Safechuck v. MJJ Prods., Inc.

Decision Date03 January 2020
Docket NumberB288036,B284613
Citation43 Cal.App.5th 1094,257 Cal.Rptr.3d 229
CourtCalifornia Court of Appeals Court of Appeals
Parties James SAFECHUCK, Plaintiff and Appellant, v. MJJ PRODUCTIONS, INC., et al., Defendant and Respondent. Wade Robson, Plaintiff and Appellant, v. MJJ Productions, Inc., et al., Defendant and Respondent.

Manly, Stewart & Finaldi, John C. Manly, Vince W. Finaldi, Irvine, Alexander E. Cunny ; Esner, Chang & Boyer, Holly N. Boyer, Pasadena, and Steffi A. Jose, Los Angeles, for Plaintiffs and Appellants.

Kinsella Weitzman Iser Kump & Aldisert, Howard L. Weitzman, Jonathan P. Steinsapir, Aaron C. Liskin, Katherine T. Kleindienst, Santa Monica; Greines, Martin, Stein & Richland and Alana H. Rotter, Los Angeles, for Defendants and Respondents.

BIGELOW, P. J.

These appeals involve allegations of a disturbing, years-long pattern of child sexual abuse by international superstar Michael Jackson. The truth of those allegations is not at issue here. Instead, we must decide whether plaintiffs Wade Robson and James Safechuck waited too long to sue, not Jackson himself (who died over a decade ago), but two of Jackson’s corporations, MJJ Productions, Inc. and MJJ Ventures, Inc., for their involvement in Jackson’s alleged abuse of Robson and Safechuck.

This timeliness issue had been litigated under a prior version of Code of Civil Procedure section 340.1 ( section 340.1 ) that required claims of childhood sexual abuse against third-party nonperpetrators to be filed by a victim’s 26th birthday unless the claims fell within a narrow exception. Robson and Safechuck sued after their 26th birthdays, and the trial court concluded their claims were untimely because they did not fall within this exception. Effective January 1, 2020, however, section 340.1 was amended to allow a victim to bring claims of childhood sexual assault against third-party nonperpetrators until the victim’s 40th birthday. ( § 340.1, as amended by Stats 2019, Ch. 861, § 1.) Safechuck and Robson both sued before their 40th birthdays, and the corporations do not dispute the revised statute applies to their nonfinal cases. We reverse the judgments in the corporations’ favor and remand for further proceedings. We decline to address any other issues.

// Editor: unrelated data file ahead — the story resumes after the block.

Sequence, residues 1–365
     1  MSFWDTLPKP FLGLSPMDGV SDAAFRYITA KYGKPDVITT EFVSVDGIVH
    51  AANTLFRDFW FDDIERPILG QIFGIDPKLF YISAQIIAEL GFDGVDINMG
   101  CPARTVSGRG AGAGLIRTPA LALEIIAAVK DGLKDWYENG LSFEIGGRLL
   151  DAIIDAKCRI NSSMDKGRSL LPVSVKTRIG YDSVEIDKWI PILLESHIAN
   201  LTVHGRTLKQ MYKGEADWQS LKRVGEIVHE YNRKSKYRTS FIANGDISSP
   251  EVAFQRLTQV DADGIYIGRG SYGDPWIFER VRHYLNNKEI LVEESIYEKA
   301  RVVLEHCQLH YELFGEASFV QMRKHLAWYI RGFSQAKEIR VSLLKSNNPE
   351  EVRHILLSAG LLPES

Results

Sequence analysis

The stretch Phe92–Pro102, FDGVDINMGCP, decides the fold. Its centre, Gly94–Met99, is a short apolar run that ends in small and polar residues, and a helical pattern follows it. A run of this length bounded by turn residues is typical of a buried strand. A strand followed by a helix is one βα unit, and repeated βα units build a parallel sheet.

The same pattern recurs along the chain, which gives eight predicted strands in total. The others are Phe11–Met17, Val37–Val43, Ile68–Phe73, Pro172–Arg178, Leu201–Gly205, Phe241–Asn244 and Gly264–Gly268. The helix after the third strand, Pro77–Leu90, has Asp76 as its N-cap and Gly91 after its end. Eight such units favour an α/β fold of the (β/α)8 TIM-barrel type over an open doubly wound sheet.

BACKGROUND

Robson has appealed the trial court’s grant of summary judgment to the corporations, while Safechuck has appealed judgment after the sustaining of a demurrer. Both cases present the same basic legal question involving the timeliness of their claims, so we have consolidated their appeals for the purposes of this opinion.1

Robson’s Case

Robson was born in 1982 in Australia. Robson claims that starting in 1990 and continuing over the next seven years until he was 14, Jackson sexually molested him. According to Robson, the abuse involved fondling, kissing, giving and receiving oral sex, and one incident during which Jackson attempted to engage in anal sex with him. During the years of abuse, Jackson instructed Robson not to tell anyone about the sexual acts between them.

Jackson died on June 25, 2009. Robson filed the instant lawsuit in May 2013, when he was 30 years old. As of the operative fourth amended complaint, he named Jackson’s corporations MJJ Productions, Inc. and MJJ Ventures, Inc. as third-party nonperpetrator defendants. MJJ Productions was formed in 1979 as one of Jackson’s "loan-out corporations" furnishing his services as an artist. MJJ Ventures was formed in 1991 to hold Jackson’s interest in a joint venture between him and his recording label, which exploits various artists’ sound recordings. Robson’s complaint alleged claims against the corporations for (1) intentional infliction of emotional distress; (2) negligence; (3) negligent supervision; (4) negligent retention/hiring; (5) negligent failure to warn, train, or educate; and (6) breach of fiduciary duty.

The corporations moved for summary judgment on statute of limitations grounds pursuant to the version of section 340.1 then in effect. The trial court granted the motion because Robson filed his claims after his 26th birthday and they did not fall within the narrow exception extending the time to file claims against third-party nonperpetrators.

Safechuck’s Case